New evidence on coastal wetlands as carbon sinks
Submitted by Marea E. Hatziolos on Mon, 04/11/2011 - 09:38
In the corridors of COP 16 in Cancun last December, `blue carbon’ was being discussed in the context of Reduced Emissions from Deforestation and Forest Degradation (REDD+). The notion that wetlands and near-shore marine habitats constitute significant but largely unaccounted for natural sinks of atmospheric CO2 was just beginning to surface. Since then, there has been a surge in interest in Coastal Carbon Sinks, as evidence begins to mount on their ability to suck up CO2 and store it in their biomass and in deep sub-surface soil layers. A recently published study in Nature GeoScience cites evidence from field measurements that mangroves in Indonesia can actually store carbon at four times the rate of their terrestrial forest counterparts.
In contrast to terrestrial forests, mangroves and other wetlands store most of the carbon below ground, in a rich organic soil layer, which can run several meters deep. When this soil layer is disturbed—as happens when wetlands are drained or converted for other land use—huge amounts of carbon are released into the atmosphere in the form of CO2, and centuries or millennia of accumulated carbon can be emitted over the course of a few decades.
The extent of these emissions in estuaries and deltas, is highlighted in a detailed World Bank technical report. The preliminary findings of the report were summarized for decision-makers in a brief issued last December at the COP 16. The technical report, Mitigating Climate Change through Restoration and Management of Coastal Wetlands and Near-shore Marine Ecosystems: Challenges and Opportunities, is available on line and is being launched today in Indonesia at a Workshop on Tropical Wetland Ecosystems of Indonesia,in Bali.
The report estimates that, within the major deltas and estuaries subject to drainage which were reviewed for this study, many have experienced losses of close to 1 billion tons of CO2 (more than twice the annual emissions of Mexico), since large-scale alterations to their hydrology first began about 100 years ago. Mega emitters include the Mekong delta in Vietnam, the Wash-Humber delta in the UK, the Changjiang delta in China, and the Sacramento – San Joaquin delta in the U.S. While the horse is already out of the barn for these heavily populated and developed coastal scapes, it is not too late to restore portions of these vital carbon stores (see for example, the work of Restore America’s Estuaries), and to prevent other deltas as well as remaining stands of mangrove forests from going down the same path.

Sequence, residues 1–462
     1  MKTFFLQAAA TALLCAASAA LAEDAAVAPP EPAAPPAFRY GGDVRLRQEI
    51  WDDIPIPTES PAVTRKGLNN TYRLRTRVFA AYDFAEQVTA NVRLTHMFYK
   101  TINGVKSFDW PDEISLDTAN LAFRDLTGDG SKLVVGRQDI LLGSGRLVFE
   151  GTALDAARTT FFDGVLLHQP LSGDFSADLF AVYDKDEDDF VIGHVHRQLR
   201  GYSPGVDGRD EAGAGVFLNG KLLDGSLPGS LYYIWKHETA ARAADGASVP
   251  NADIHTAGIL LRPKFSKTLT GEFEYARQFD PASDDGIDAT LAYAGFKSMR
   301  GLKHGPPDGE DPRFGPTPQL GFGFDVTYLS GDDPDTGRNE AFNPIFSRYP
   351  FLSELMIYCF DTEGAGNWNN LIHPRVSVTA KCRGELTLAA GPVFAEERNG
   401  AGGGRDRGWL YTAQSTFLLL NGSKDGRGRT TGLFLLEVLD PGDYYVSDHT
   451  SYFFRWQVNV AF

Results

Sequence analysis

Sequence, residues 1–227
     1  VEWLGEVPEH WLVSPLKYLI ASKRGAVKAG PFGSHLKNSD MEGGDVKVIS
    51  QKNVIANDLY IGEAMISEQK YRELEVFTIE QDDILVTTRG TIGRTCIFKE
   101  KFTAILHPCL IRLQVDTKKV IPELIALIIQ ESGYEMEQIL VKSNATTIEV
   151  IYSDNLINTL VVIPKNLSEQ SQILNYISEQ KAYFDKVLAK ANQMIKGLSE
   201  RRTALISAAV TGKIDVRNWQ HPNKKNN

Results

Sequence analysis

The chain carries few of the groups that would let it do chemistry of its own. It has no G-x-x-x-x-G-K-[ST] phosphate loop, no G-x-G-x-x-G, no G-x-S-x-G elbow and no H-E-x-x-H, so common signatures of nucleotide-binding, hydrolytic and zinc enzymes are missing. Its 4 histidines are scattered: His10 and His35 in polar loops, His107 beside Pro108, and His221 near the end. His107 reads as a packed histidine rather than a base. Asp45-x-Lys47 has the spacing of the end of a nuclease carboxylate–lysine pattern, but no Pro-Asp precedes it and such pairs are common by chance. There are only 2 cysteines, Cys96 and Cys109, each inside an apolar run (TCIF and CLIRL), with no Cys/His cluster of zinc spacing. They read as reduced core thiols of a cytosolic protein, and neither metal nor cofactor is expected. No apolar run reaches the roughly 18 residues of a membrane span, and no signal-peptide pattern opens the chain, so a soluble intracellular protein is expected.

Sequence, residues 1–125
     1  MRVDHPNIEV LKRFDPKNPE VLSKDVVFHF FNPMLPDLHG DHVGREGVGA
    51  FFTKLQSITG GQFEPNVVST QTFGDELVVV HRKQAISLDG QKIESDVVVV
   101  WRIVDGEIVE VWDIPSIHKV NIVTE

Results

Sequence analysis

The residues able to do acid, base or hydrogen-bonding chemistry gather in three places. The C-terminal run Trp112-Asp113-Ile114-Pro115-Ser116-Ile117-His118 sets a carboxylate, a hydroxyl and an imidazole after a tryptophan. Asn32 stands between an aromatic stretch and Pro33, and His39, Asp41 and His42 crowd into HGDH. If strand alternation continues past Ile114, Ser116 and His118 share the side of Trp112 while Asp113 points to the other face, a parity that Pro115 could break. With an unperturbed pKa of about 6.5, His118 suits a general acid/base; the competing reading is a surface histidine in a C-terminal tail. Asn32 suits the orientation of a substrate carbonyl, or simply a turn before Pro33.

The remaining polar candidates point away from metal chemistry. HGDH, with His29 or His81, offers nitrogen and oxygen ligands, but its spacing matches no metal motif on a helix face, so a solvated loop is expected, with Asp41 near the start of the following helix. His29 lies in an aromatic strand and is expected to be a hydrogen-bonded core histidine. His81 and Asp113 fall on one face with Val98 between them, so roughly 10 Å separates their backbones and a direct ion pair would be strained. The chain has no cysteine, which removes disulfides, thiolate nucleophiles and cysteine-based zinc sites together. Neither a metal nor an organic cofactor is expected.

But time is running out. As this and other reports warn, coastal wetlands are being lost at an alarming rate—and the pressure is greatest in the tropics. Coastal wetlands are succumbing to urbanization, agriculture, aquaculture, and to impacts from climate change. It is not clear whether mangroves can keep pace with sea level rise, where hardened coastlines block their landward retreat.
This race against time, however, is fueling some good basic science and economic analysis on how to translate the carbon sequestration services of coastal wetlands and nearshore marine environments into revenue streams, creating incentives for local governments and communities to protect them. Geochemists and ecologists are struggling to wrap their heads around the complex physics and chemistry of carbon flux to come up with the metrics required for Monitoring, Verification and Reporting (MRV) of carbon emissions reduction. Economists are already calculating the value of these services on the Voluntary Carbon Market, with potential links to trade under an expanded REDD+ market
In the World Bank, we are beginning to explore alternative livelihood opportunities related to mangrove conservation and rehabilitation linked to REDD+ in coastal communities in Indonesia and other parts of Southeast Asia, where mangrove forests are the richest, and most under threat. National programs for community-based coastal resources management are likely to offer the best opportunities for piloting and scaling up such an approach. The next phase of COREMAP (The Coral Reef Rehabilitation and Management Program in Indonesia), which is expected to focus on capturing value from coastal ecosystem services, may just be the place to start.